For example, if a shaft with a nominal diameter of 10 mm is to have a sliding fit within a hole, the shaft might be specified with a tolerance range from 9.964 to 10 mm (i.e. a zero fundamental deviation, but a lower deviation of 0.036 mm) and the hole might be specified with a tolerance range from 10.04 mm to 10.076 mm (0.04 mm fundamental deviation and 0.076 mm upper deviation). This would provide a clearance fit of somewhere between 0.04 mm (largest shaft paired with the smallest hole, called the "maximum material condition") and 0.112 mm (smallest shaft paired with the largest hole). In this case the size of the tolerance range for both the shaft and hole is chosen to be the same (0.036 mm), meaning that both components have the same International Tolerance grade but this need not be the case in general.

When no other tolerances are provided, the machining industry uses the following **standard tolerances**:[3][4]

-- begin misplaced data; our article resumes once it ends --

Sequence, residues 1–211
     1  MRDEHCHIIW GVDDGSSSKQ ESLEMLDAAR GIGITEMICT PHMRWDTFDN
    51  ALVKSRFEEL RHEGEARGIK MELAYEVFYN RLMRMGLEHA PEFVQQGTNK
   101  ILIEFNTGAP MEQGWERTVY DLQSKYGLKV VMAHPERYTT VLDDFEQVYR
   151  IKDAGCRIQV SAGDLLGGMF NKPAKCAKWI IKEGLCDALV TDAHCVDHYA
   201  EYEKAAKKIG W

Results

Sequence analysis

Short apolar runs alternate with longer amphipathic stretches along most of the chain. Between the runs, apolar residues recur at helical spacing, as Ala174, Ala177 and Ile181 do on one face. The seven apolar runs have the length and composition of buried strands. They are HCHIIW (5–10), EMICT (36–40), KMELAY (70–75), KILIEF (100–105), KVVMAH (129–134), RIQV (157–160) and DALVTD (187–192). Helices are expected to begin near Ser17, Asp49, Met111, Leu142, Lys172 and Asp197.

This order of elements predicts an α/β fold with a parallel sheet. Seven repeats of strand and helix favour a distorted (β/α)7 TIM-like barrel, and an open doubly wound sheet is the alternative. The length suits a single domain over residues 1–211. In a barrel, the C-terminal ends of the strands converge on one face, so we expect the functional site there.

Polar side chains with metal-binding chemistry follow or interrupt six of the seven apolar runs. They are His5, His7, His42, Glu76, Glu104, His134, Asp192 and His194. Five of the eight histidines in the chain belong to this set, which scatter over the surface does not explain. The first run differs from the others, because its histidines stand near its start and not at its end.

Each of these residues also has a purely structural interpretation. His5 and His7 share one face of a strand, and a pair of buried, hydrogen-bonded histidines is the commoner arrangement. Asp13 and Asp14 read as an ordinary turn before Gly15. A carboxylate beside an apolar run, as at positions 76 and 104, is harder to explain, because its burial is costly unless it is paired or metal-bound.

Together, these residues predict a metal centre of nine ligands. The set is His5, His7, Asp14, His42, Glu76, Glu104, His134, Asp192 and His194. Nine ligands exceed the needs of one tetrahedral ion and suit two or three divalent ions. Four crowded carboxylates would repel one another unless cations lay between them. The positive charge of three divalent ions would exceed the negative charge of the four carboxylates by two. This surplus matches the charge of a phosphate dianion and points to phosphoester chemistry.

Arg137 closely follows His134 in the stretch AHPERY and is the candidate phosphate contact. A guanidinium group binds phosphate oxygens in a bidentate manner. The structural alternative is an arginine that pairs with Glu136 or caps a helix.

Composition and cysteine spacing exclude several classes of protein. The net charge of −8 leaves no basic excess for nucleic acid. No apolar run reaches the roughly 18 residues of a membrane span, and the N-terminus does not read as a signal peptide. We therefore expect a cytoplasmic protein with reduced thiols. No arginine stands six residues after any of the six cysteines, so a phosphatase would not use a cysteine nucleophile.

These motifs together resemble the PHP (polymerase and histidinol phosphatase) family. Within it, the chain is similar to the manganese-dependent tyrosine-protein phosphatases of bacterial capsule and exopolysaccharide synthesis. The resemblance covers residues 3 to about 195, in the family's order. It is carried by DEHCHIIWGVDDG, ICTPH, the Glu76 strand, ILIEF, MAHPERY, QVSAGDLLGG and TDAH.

1 decimal place | (.x): | ±0.02" |

2 decimal places | (.0x): | ±0.01" |

3 decimal places | (.00x): | ±0.005" |

4 decimal places | (.000x): | ±0.0005" |

Main article: IT Grade

When designing mechanical components, a system of standardized tolerances called **International Tolerance grades** are often used. The standard (size) tolerances are divided into two categories: hole and shaft. They are labelled with a letter (capitals for holes and lowercase for shafts) and a number. For example: H7 (hole tapped hole or nut) and h7 (shaft or bolt). H7/h6 is a very common standard tolerance which gives a rather tight fit, but not so tight that you can’t put the shaft in the hole, or turn the nut on the bolt, by hand. The tolerances work in such a way that for a hole H7 means that the hole should be made slightly larger than the base dimension (in this case for an ISO fit 10+0.015−0, meaning that it may be up to 0.015 mm larger than the base dimension, and 0 mm smaller). The actual amount bigger/smaller depends on the base dimension. For a shaft of the same size h6 would mean 10+0−0.009, which is the opposite of H7. This method of standard tolerances is also known as Limits and Fits and can be found in ISO 286-1:2010 (Link to ISO catalog).

The table below summarises the International Tolerance (IT) grades and the general applications of these grades: